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Mike Buffington
The Jackson Herald - July 28, 1999

vote looms
Within the coming weeks, county leaders will have to pin down exactly how the ballot will be worded in November's vote for a special local option sales tax. Several proposals have been floated about how the funds should be split. The Jackson County Board of Commissioners has said it would allocate 20 percent of the money toward a new courthouse, but the other 80 percent is still up in the air.
But there is a worry that no matter how the money is split, county voters will again turn down the sales tax. Last year, voters killed the tax, which had previously gone toward road, water and recreation projects in the county.
The killing of the sales tax wasn't a vote against roads, water and recreation - most citizens view those as worthy projects to support. That vote was, more than anything else, a rejection of county leadership.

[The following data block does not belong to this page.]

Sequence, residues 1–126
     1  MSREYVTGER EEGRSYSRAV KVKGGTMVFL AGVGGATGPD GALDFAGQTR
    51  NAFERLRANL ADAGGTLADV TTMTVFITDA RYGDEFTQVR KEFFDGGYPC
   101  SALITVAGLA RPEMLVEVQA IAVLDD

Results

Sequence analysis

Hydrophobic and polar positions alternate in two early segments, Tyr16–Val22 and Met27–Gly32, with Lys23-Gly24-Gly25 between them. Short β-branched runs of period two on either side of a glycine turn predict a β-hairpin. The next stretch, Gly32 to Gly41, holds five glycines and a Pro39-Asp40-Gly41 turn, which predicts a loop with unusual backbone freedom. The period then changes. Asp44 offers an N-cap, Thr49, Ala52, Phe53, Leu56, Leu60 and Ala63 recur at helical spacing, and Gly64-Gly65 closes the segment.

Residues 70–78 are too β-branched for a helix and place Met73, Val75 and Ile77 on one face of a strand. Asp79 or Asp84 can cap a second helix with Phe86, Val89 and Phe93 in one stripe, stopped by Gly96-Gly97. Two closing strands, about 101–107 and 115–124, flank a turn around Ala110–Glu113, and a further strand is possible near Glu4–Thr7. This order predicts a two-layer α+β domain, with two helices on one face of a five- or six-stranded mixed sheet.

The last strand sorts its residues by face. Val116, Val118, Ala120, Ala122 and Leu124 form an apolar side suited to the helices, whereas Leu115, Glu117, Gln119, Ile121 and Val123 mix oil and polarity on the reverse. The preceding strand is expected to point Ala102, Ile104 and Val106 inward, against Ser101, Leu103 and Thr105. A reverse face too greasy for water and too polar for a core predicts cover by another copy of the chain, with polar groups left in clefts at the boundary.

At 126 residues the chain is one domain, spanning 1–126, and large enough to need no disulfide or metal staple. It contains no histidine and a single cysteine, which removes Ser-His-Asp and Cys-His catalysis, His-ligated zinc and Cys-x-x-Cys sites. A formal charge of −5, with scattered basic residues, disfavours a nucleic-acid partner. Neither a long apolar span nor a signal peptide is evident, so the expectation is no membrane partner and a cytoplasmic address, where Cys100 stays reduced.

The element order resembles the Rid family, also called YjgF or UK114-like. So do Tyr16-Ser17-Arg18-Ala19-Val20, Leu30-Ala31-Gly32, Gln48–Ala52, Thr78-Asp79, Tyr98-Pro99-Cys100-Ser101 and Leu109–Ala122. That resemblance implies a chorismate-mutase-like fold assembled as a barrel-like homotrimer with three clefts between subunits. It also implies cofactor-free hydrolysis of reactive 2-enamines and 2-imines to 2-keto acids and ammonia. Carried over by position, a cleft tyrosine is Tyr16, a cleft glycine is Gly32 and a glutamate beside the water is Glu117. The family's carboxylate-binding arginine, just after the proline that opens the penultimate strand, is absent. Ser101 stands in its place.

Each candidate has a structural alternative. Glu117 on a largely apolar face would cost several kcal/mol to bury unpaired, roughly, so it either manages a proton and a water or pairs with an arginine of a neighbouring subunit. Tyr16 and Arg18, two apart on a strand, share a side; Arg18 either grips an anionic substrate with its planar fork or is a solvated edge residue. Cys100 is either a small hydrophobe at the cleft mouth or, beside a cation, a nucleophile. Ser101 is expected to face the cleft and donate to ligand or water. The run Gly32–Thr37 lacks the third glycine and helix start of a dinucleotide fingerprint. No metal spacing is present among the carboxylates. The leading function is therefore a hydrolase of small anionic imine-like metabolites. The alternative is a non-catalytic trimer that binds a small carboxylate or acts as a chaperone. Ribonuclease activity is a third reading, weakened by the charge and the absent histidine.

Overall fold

Many voters are angry at the county government and cite rising property taxes as their main complaint. Although voters are often powerless to stop increased property taxes, they can, and often do, vote against sales taxes.
The SPLOST, however, is the wrong target for voter wrath. With the development of the new Tanger Outlet Center near Commerce and the likelihood of additional commercial growth in the coming five years, much of the SPLOST would be paid by out-of-county residents who shop in Jackson County.
The truth is, many Jackson County shoppers are going to pay a SPLOST no matter what the outcome of November's vote. Everytime a Jackson County resident buys something in another county, he is probably paying a SPLOST tax to that county. And given that Jackson County's location is between several other major shopping areas, a lot of dollars flow out of the county to other communities.
So it really doesn't make any economic sense to turn down a SPLOST. But try telling that to angry voters who look for any way possible to send a message to their county government.